I lived in NC for a couple of decades and just gave up on the search for decent BBQ and consider it uneatable, and a waste of time. But the natives love it. In Texas, I avoided it and focused on the great steak steakhouses, and Mexican offerings, plus the Louisiana dishes creeping in. But the natives love the BBQ. While in TN I learned when they said BBQ they really meant just the ribs (like KC), which were quite good, but the rest of the BBQ experience was pretty sad. So there is a myriad of choices and everyone seems to love at least one of them. The one thing I have found in every area, even when the restaurants are bad (by my taste and expectations), the best BBQ is done at private outings and grilled on site. Even in NC, the had what they called “pick pickings” where the pork BBQ was damned good because it was hot and fresh, but mostly because you could get hunks of meat, or pulled pork, before they shredded perfectly good meat into such tiny pieces of meat that it looked like it was ground beef pieces going in a Sloppy Joe sandwich.

    To each his own. The one universal though, the more pristine and fancy the location, the worse the Q gets relative to the dives and shacks. Give me bottle caps in the driveway, slats falling off the wooden sides of the building, and a sign that needs painting.

  27. Sh3rl0ck

    I mentioned in the original thread that Aaron Franklin, of Franklin BBQ fame, did a 10 show series on PBS about Central Texas BBQ. Here is a link to the playlist for the episode on brisket.

    Kreutz, Smitty’s, and several other Central Texas BBQ joints are also featured in the series.

    For those wondering, the recipe for his super secret rub is: equal parts coarse kosher salt and 16 mesh ground black pepper.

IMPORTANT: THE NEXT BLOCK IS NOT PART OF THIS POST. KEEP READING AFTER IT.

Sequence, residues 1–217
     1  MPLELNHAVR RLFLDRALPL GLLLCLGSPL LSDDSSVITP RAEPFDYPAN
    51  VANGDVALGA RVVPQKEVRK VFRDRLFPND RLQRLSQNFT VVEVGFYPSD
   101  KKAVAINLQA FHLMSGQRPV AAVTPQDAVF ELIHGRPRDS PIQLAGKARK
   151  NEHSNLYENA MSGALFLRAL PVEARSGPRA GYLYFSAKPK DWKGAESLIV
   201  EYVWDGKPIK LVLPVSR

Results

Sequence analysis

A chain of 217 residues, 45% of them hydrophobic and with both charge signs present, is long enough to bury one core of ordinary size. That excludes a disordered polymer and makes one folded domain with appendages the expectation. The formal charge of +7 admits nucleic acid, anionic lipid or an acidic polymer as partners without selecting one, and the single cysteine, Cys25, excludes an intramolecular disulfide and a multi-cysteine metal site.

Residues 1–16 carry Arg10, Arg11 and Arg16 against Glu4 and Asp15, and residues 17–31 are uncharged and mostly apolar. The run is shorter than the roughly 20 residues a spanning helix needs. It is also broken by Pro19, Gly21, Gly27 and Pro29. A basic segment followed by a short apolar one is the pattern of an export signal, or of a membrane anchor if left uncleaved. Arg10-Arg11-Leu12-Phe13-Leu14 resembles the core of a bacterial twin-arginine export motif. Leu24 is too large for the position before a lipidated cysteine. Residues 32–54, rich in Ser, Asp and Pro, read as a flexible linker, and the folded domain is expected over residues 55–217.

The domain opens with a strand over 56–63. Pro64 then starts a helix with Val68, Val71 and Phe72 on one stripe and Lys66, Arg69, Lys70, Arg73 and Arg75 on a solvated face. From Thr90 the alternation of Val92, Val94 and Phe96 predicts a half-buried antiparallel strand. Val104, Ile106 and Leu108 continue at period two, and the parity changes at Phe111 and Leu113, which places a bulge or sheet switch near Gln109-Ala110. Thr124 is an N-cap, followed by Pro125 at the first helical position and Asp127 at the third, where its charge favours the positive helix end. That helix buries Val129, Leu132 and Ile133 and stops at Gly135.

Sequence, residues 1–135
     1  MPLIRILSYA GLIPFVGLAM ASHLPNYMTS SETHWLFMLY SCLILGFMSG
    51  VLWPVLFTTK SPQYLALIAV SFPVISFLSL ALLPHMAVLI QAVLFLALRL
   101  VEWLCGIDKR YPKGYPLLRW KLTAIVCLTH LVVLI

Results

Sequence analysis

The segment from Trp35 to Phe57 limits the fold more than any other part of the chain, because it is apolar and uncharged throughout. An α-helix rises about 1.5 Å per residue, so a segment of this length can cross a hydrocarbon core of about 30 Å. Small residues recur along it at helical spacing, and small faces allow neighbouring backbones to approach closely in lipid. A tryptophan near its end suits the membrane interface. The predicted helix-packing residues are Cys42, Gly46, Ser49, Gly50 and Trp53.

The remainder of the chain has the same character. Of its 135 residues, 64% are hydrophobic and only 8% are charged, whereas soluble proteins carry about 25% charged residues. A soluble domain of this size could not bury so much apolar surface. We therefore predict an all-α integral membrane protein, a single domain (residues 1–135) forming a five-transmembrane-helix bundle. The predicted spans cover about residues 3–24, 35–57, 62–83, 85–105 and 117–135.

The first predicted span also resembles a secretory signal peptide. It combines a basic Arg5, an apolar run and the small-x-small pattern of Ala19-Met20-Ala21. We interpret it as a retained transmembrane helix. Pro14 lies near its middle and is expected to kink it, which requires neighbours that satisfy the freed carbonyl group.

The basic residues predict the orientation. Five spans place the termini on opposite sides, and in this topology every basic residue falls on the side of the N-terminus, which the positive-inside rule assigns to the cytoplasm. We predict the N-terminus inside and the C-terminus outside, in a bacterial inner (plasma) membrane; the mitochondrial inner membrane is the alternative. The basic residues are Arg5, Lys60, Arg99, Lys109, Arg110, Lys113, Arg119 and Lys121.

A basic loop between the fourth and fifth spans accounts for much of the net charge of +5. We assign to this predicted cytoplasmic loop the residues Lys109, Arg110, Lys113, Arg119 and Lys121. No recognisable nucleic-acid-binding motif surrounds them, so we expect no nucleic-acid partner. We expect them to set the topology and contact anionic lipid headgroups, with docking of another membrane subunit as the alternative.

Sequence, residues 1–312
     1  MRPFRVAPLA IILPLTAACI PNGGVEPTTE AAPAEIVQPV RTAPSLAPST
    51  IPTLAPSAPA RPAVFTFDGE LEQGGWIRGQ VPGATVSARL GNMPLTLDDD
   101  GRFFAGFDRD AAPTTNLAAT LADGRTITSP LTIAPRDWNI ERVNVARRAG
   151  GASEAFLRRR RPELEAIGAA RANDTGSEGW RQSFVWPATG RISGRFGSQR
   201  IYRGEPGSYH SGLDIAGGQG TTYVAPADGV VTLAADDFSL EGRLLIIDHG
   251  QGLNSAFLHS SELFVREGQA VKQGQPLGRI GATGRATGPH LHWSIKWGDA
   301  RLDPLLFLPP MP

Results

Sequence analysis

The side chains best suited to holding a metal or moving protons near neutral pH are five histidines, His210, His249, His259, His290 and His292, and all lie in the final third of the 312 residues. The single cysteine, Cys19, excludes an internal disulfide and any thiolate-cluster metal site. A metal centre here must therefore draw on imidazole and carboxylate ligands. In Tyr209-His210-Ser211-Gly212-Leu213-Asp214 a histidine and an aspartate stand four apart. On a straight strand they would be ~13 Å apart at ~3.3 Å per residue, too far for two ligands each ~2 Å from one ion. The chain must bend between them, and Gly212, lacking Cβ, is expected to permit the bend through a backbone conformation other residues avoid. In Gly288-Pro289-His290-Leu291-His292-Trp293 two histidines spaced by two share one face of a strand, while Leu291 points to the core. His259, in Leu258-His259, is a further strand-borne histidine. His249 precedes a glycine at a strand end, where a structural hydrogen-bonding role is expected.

• Macallanlover

      That’s it? Just equal parts of those two spices? Wow, I am over complicating every thing I cook.

      • Sh3rl0ck

        Quality beef that is cooked properly needs nothing else. If you eat a steak in some of the finest restaurants in the world, and I mean places with multiple Michelin Stars, they will season it with nothing but salt and pepper, cook it in olive oil, and add a large pat of butter about half way through. They might rub the seared steak with a garlic close and add a small bundle of fresh herbs to the butter.

        For anyone that is trying to perfect grilling steaks / chops or smoking large chunks of beast, start with just salt and pepper. Learn to trim and cook the meat properly. When you have perfected that, start messing with other flavors. When you change multiple things at a time, it is hard to learn what contributed to the differences.

        • Macallanlover

          Have seen, and tried, that with steaks for a long while but never heard of a dry rub without other flavors for BBQ beef, or pork. Thanks.

      • DB

        John Lewis of La Barbecue tells the writer at the end of this interview http://www.tmbbq.com/interview-john-lewis-of-la-barbecue/ what his”seasoning” is and that he has never used just salt and pepper on a brisket even when he was at Franklin’s. Interesting.

  28. Cousin Eddie

    I have the world’s worst Texas BBQ story.

    In short, I went right outside of Austin for a four day work trip with old my boss who is a strict vegetarian. We ate at Taco Bell every night because he only felt safe eating vegetarian food at a place he knew in Texas. The only bbq I had was some chain crap at the airport.

    Glad you got to enjoy. I do plan to go back fairly soon with the Family to enjoy some of these places.

  29. Walt

    That’s the way to show you colon who’s the boss! I’m gonna have to fire up my big green egg this weekend.

  30. SlawDawg

    Now I’m even more ready for Rendezvous in Memphis this weekend. I haven’t been since that terrible bowl game in 2010, but I can still smell the smoke emerging from that alley. I’ve never been much of a ribs fan outside of Chester’s Ribs in Columbus, but Rendezvous’ dry rub got me!

    Anybody know of some BBQ in Oxford?